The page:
[Rough Draft]

A weblog about god, doubt, insomnia, culture, baseball


how far is too far?

as a sort of case study of what is meant by a "slippery slope" in dealing w/ scripture (in this case, the hebrew bible), consider last week's speaking of faith from minnesota public radio. renee' happened to catch the show on sunday, but i listened to it later on realaudio. anyhoo, one of the guests was rabbi sandy eisenberg sasso of congregation beth-el zedeck in indianapolis, only the second (can that be right?) woman ordained as a jewish rabbi. the overwhelming sense i got from listening to her was of a woman desperately trying to remain faithful to scripture but to give it a "new" meaning @ the same time.

rabbi sasso affirms that yhwh is a "god who acts in history," just as orthodox xtians affirm. nevertheless, she advocates midrash, a re-telling of sacred story that searches for "new and deeper meanings in biblical texts" (i.e., stuff that wasn't in there to begin w/, obviously). speaking of scripture, she says "i certainly ask questions of it" and see the exodus as "a piece of drama [about a] downtrodden people crossing a sea." she rather conspiculously puts herself over the text, though. exod. 9.12 plainly says "god hardened pharaoh's heart," but sasson assures us that "how we understand the text can move us in a different direction . . . . i could not believe in a god who forces another human being to do bad . . . my understanding of god is a god who softens the heart . . . so i'm more inclined to understand the 'hardens the heart'" as a callousness that has simply gotten beyond pharaoh's control, a "psychology of evil," so to speak.

slip, slip, slip . . .

a story to demonstrate her "re-interpretation" of the hebrew scriptures: @ the end of the passover seder a goblet is ritually filled w/ wine for elijah, the prophet who will come to announce the savior's approach. as a child, she would stare @ the cup (much like my leaving cookies as santa-bait and loitering about the hearth, i suppose) and was disheartened "to learn it went down the kitchen sink." so, when in doubt . . . throw it [the meaning] out: her family and congregation have a "new custom" -- they put out an empty cup into which each person pours some of their wine b/c they "realize that it's going to take the effort of each and every one of us to bring about a world redeemed." decrying any real hope that god will step into history and save us (which is what xtians proclaim has indeed happened), rabbi sasson is left w/ no hope but ourselves. "it's all our efforts" that will make the difference. the enlightened mind will not admit miracle, so sasson and s. r. driver and martin noth are compelled to demythologize it. the rabbi's worry is that we "get lost in the literalness of the text" when all the while "we don't have to take the text literally in order to take it seriously."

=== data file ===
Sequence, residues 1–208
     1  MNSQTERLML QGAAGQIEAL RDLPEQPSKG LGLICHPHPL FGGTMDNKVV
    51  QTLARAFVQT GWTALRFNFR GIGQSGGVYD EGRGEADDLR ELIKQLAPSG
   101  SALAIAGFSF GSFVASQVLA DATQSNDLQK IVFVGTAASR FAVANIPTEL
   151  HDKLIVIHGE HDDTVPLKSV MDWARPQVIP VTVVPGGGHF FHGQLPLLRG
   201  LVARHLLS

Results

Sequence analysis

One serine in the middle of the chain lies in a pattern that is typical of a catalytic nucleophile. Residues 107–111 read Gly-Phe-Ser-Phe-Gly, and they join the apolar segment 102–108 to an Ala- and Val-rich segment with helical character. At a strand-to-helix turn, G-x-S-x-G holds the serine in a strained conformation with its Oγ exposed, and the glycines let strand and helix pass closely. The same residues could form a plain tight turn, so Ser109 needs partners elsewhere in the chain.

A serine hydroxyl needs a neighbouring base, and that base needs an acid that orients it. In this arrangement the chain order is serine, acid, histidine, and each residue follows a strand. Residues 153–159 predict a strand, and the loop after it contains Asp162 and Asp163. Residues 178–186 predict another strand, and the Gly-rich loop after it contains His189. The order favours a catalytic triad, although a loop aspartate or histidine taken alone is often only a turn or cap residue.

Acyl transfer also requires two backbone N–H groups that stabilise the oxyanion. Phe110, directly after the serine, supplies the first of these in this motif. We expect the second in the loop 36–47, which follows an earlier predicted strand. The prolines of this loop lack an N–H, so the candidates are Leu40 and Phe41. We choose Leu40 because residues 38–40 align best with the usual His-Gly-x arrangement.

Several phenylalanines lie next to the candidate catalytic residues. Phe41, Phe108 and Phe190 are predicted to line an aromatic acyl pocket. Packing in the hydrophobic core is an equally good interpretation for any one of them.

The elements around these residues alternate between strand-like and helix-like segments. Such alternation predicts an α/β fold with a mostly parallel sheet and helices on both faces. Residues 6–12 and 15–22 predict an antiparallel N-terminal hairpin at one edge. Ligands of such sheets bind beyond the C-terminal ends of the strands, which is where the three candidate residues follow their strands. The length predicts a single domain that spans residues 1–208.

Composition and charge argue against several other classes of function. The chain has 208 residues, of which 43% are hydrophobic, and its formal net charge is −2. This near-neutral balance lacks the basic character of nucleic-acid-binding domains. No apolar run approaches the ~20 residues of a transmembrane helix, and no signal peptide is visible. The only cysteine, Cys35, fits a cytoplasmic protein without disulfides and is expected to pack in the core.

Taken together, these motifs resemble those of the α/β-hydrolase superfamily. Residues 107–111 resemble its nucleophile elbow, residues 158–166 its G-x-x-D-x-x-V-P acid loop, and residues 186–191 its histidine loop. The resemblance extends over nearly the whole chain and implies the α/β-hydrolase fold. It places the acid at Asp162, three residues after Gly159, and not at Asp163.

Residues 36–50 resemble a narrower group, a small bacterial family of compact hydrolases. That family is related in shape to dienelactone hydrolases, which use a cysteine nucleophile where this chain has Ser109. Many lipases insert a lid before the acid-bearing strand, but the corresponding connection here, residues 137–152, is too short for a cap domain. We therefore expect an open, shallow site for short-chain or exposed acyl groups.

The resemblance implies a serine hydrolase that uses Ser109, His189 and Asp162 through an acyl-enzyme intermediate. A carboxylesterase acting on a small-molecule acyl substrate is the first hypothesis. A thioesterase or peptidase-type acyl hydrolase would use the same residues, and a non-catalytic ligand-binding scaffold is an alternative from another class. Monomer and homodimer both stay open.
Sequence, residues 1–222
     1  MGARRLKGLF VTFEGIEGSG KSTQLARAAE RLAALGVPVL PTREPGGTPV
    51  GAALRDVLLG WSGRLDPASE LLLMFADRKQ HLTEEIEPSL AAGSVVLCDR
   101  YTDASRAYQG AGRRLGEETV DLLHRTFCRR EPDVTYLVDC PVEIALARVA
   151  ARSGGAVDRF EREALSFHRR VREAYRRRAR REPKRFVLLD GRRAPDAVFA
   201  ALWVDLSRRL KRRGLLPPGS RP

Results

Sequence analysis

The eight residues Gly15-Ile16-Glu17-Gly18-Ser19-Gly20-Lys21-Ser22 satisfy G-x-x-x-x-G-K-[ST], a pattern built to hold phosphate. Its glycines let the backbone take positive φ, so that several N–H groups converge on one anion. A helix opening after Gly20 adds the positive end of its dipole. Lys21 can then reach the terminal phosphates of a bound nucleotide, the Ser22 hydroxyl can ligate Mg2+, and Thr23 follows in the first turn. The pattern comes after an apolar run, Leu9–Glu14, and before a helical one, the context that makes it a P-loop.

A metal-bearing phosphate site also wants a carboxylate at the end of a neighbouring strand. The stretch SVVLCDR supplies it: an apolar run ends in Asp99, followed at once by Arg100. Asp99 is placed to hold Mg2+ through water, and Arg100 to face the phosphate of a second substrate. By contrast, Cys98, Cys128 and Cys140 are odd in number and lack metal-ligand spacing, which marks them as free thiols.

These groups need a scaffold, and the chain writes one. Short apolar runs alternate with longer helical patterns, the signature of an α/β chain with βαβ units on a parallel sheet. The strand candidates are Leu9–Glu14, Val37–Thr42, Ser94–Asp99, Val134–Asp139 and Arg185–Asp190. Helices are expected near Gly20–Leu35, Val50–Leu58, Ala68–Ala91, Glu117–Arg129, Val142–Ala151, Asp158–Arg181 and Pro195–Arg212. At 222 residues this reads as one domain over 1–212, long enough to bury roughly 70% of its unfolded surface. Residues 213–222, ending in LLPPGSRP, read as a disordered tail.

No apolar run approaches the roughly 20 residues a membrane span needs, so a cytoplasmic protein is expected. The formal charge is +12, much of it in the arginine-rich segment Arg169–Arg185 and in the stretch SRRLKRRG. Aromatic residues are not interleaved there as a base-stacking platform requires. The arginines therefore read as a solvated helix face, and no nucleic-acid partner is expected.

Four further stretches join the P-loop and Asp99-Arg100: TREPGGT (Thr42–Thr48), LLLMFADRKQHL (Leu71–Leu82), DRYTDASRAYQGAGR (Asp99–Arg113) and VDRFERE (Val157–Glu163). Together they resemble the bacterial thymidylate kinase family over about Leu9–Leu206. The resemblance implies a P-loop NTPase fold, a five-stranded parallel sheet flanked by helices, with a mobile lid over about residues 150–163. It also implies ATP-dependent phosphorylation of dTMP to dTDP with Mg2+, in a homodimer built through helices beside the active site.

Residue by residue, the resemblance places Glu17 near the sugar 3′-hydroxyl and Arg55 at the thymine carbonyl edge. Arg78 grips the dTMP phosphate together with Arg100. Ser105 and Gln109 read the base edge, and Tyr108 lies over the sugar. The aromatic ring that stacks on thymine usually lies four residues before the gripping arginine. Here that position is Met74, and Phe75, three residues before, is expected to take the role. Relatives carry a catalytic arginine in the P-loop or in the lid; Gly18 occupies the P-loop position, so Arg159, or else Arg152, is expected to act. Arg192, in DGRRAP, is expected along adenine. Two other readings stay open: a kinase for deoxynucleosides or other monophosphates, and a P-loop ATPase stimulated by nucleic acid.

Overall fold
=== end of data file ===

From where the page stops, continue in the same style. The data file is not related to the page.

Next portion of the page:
(sound familiar?)

for this well-spoken, gentle and plaintly sincere woman, the truth or falsity of the text is really quite beside the point. it is, rather, the "malleability" of the tradition that makes it strong. the text gives the "basic story," but "the tradition remains alive and vital b/c we keep reading ourselves into the story . . . and we add another layer to pass on to the next generation." rather than scripture finding its value and vitality in its being the word of god who is truth (and way and life), it depends upon our own voices to keep the story alive.

so that's sort of what i'm talking about (that and the more contemporary example that tracy recounts about dylan and the dog). i understand we fear grey, but i believe we should be afraid, be reeeeeaaally afraid, when our arrogance or the hardness of our own hearts leads us to preface any sentence with "i could not believe in a god who . . . ."


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